Tree planting must be made easier to encourage investment in Northumberland and offer new opportunities in the uplands after Brexit, a forestry summit has been told.
The event was held to discuss the role of forestry and wood processing in the Borderlands Growth Deal, which aims to revitalise five areas either side of the England/Scotland border – Northumberland, Cumbria, Dumfries & Galloway, the Scottish Borders and the city of Carlisle.
“We have the UK’s largest man-made forest on our doorstep [Kielder] but we are not doing enough; we are importing millions of tonnes of timber,” said councillor Peter Jackson, leader of Northumberland County Council, speaking at the meeting, which was hosted by EGGER in Hexham.
Despite Kielder, forest cover in Northumberland is just 8%, below the English average (10%) and UK average (13%). The EU average is around 35%.
“We are not doing enough in terms of production and the potential for Northumberland and the whole of the Borderlands area to do that is enormous,” said Mr Jackson.
He added that farmers in the uplands clearly faced challenges after Brexit and that forestry had a big part to play in the future of those areas.
“We support the need to plant more trees, as wood is one of the key raw materials required to manufacture our products,” said Simon Hart, EGGER Forestry business development manager.
“At Hexham, EGGER has invested approximately £250m in the site over the last decade to ensure it is one of the most technologically advanced chipboard plants in Europe.”
EGGER is the largest manufacturing employer in Northumberland, with over 600 employees. More than 100 lorries deliver roundwood, wood chips, sawdust and recycled wood every day for the company to make its products.
“Approximately 60% of the raw materials required to make EGGER’s high quality products are classed as virgin fibre,” said Mr Hart.
He said there were investors ready to put money into planting modern, multi-purpose forests, with Forestry Commission grants to support the investment, but added: “The problem is that it is really difficult to get permission to plant trees in the north of England, so people go to Scotland, where it is easier. The north of England is letting the opportunity slip between its fingers. From EGGER and the wider industry’s perspective, it’s a simple message: plant more trees.”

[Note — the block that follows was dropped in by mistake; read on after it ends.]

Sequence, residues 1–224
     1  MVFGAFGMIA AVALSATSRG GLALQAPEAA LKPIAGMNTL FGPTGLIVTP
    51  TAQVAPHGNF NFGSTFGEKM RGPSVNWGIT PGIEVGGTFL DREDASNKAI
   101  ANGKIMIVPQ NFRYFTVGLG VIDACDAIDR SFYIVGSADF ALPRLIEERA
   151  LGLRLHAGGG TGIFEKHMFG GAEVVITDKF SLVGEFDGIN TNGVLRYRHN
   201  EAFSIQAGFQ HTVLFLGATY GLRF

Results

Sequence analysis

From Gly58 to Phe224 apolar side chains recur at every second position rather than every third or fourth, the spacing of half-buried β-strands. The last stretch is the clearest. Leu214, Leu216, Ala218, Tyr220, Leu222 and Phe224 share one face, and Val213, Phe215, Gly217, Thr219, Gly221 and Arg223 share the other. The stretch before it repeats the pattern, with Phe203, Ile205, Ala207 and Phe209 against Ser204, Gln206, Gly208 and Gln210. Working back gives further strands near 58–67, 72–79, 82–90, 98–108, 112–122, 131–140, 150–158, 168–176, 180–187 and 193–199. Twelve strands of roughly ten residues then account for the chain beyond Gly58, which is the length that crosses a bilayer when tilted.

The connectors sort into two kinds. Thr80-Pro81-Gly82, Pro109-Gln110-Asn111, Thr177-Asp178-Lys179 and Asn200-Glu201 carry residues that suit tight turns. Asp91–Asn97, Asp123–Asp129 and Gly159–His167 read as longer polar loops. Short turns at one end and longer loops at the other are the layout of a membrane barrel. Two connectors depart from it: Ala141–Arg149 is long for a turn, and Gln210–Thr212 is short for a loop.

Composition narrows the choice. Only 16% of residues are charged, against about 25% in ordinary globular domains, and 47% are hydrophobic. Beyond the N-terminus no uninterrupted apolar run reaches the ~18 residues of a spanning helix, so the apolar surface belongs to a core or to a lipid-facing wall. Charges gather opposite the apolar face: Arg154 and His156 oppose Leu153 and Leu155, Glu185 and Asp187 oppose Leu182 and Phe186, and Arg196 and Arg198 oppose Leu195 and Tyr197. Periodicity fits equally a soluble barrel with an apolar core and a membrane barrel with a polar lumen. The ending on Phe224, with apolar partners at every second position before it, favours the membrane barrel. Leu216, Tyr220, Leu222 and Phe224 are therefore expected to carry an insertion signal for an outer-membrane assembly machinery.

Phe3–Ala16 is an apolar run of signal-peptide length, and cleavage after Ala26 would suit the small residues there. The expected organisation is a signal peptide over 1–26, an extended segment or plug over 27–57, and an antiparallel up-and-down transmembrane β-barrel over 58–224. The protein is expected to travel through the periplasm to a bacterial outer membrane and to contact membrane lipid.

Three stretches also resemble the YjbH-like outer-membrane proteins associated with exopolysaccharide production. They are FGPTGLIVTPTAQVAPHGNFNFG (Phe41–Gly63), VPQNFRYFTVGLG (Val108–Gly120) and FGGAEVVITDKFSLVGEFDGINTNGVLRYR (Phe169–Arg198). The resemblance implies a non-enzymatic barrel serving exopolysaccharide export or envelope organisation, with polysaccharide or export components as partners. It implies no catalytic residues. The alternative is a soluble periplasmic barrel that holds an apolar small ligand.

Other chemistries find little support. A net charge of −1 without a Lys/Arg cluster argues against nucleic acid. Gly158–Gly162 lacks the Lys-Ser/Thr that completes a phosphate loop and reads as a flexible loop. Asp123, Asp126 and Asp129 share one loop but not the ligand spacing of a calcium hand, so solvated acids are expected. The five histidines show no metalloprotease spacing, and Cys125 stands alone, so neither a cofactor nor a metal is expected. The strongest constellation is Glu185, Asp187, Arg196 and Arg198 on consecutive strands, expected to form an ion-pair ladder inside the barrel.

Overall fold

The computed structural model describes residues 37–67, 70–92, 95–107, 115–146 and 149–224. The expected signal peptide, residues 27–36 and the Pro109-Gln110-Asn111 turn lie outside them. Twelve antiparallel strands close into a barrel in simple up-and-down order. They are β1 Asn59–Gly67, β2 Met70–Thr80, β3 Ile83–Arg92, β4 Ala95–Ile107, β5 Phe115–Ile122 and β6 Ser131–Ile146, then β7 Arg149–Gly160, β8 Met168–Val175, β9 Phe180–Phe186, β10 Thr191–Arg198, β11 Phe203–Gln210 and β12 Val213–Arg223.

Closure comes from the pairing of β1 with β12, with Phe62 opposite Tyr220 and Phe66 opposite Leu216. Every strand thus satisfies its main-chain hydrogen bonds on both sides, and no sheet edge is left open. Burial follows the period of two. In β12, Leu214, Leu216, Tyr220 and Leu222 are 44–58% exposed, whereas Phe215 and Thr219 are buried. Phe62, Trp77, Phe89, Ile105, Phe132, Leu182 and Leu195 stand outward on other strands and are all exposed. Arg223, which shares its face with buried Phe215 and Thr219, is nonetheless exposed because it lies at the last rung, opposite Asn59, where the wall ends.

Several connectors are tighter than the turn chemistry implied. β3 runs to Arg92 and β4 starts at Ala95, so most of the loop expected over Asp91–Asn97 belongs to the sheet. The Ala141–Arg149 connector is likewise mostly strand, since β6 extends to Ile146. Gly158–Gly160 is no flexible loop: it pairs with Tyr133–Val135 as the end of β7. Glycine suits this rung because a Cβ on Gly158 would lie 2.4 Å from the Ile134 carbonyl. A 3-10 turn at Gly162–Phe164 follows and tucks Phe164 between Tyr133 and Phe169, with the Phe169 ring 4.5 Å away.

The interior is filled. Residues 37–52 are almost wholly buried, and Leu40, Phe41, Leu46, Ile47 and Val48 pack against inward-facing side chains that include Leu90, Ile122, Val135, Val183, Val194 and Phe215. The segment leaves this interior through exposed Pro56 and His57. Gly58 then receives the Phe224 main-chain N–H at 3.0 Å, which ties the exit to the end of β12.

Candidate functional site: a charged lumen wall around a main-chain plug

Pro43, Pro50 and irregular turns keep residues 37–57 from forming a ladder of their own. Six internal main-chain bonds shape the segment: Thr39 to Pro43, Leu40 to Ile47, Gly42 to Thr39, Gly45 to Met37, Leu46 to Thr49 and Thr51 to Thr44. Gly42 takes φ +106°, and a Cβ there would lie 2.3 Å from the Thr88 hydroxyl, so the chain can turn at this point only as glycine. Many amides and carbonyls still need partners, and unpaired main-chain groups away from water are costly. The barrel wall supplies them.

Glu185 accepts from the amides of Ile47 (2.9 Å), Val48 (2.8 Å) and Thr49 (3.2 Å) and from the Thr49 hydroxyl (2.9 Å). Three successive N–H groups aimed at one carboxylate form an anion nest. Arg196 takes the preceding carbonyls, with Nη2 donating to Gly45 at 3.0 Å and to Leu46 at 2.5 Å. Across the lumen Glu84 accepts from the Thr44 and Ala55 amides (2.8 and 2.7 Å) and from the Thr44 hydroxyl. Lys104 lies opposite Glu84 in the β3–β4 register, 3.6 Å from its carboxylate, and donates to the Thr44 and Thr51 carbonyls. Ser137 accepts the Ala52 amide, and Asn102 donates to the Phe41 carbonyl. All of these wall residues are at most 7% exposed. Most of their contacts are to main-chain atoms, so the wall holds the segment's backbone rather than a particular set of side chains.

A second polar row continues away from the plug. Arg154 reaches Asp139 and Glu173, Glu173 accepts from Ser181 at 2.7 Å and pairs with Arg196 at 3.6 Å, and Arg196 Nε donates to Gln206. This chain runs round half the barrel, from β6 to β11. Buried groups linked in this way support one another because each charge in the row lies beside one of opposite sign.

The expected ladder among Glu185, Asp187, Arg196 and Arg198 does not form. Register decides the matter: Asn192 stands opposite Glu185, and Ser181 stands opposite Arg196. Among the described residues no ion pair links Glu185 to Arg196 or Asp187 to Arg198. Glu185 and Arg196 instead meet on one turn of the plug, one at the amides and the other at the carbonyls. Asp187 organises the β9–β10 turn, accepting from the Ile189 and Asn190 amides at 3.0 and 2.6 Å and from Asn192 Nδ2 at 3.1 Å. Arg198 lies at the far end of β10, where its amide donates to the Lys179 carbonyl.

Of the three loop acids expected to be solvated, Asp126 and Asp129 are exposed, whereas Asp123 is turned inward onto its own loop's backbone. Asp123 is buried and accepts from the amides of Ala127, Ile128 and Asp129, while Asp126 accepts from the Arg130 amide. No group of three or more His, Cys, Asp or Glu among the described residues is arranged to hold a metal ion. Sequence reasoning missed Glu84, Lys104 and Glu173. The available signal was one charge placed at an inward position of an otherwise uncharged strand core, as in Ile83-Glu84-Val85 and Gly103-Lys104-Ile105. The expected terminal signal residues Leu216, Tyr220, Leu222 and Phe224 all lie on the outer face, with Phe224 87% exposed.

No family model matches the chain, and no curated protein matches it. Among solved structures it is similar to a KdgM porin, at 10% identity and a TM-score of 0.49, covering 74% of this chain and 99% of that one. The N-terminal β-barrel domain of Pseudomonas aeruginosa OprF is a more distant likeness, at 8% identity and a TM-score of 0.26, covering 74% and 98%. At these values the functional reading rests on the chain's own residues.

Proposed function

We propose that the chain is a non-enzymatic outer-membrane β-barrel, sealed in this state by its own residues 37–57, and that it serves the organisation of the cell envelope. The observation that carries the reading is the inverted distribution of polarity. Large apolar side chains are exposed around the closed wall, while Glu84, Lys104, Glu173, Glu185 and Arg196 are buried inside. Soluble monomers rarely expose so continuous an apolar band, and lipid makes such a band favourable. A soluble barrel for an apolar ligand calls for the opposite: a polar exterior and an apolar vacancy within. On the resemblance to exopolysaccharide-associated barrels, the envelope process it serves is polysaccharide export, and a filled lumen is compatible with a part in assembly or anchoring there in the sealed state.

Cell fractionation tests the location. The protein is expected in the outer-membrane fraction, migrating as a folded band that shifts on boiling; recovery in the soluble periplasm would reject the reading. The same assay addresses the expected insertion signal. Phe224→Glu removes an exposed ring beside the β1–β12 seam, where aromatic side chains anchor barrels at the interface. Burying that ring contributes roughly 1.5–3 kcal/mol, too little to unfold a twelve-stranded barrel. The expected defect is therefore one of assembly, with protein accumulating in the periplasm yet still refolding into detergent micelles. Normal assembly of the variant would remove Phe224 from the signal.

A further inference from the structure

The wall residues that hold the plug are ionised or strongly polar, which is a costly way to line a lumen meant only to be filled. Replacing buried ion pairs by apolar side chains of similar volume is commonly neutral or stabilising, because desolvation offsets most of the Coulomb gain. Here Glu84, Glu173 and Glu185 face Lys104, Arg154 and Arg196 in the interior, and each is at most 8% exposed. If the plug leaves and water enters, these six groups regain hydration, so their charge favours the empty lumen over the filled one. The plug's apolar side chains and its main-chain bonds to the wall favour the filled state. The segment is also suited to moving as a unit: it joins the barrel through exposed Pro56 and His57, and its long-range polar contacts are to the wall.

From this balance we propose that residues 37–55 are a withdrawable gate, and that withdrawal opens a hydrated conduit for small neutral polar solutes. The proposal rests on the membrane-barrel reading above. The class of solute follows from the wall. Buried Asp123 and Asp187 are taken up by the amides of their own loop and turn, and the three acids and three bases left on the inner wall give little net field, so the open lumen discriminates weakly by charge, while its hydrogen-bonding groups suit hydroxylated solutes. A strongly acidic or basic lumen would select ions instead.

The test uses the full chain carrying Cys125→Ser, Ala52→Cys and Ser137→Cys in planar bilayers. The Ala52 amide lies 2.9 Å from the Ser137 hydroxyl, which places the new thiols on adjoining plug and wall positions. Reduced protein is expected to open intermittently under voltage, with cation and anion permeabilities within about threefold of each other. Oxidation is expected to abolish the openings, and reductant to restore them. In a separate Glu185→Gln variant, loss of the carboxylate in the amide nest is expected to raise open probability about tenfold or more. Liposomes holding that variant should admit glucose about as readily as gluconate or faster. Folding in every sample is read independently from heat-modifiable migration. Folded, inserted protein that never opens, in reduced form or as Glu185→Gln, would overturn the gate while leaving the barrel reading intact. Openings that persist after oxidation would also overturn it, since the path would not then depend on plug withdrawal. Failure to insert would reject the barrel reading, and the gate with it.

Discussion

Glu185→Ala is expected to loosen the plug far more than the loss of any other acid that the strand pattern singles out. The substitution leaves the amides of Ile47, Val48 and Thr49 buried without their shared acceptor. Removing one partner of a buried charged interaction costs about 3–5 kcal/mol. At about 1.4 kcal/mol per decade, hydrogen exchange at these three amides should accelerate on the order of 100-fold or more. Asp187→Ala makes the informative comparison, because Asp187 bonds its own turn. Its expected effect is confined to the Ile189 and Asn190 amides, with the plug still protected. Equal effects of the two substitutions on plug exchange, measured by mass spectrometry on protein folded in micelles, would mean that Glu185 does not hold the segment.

“There is a different attitude in Scotland. The presumption is that we should find ways to plant modern, multi-purpose and well-designed forests in the right places,” said Stuart Goodall, Confor chief executive.
EGGER has produced a document asking for the Borderlands Growth Deal to recognise the significance of forestry and wood processing to the north of England and south of Scotland. Other large wood processors in the Borderlands include A&J Scott near Wooler, BSW in Carlisle and James Jones & Sons in Lockerbie.
The document, supported by Confor and other forestry and wood processing businesses, calls for: a Forestry Investment Zone to stimulate new planting in Northumberland; a Strategic Timber Transport Fund for northern England to match the one working successfully in Scotland, to create new forest roads and reduce pressure on fragile rural roads; and a skills audit to plug future gaps in the industry, especially drivers of forest machines.
Janice Rose, who leads on the Borderlands Growth Deal for Northumberland County Council, said a skills audit for a range of sectors, including forestry, would be in a high-level summary of the deal, due to be launched this autumn by the UK and Scottish governments and five local authorities.
She said the team was also considering a timber transport officer role and that a pilot Forestry Investment Zone (FIZ) in north-west Cumbria could provide helpful feedback for future FIZs.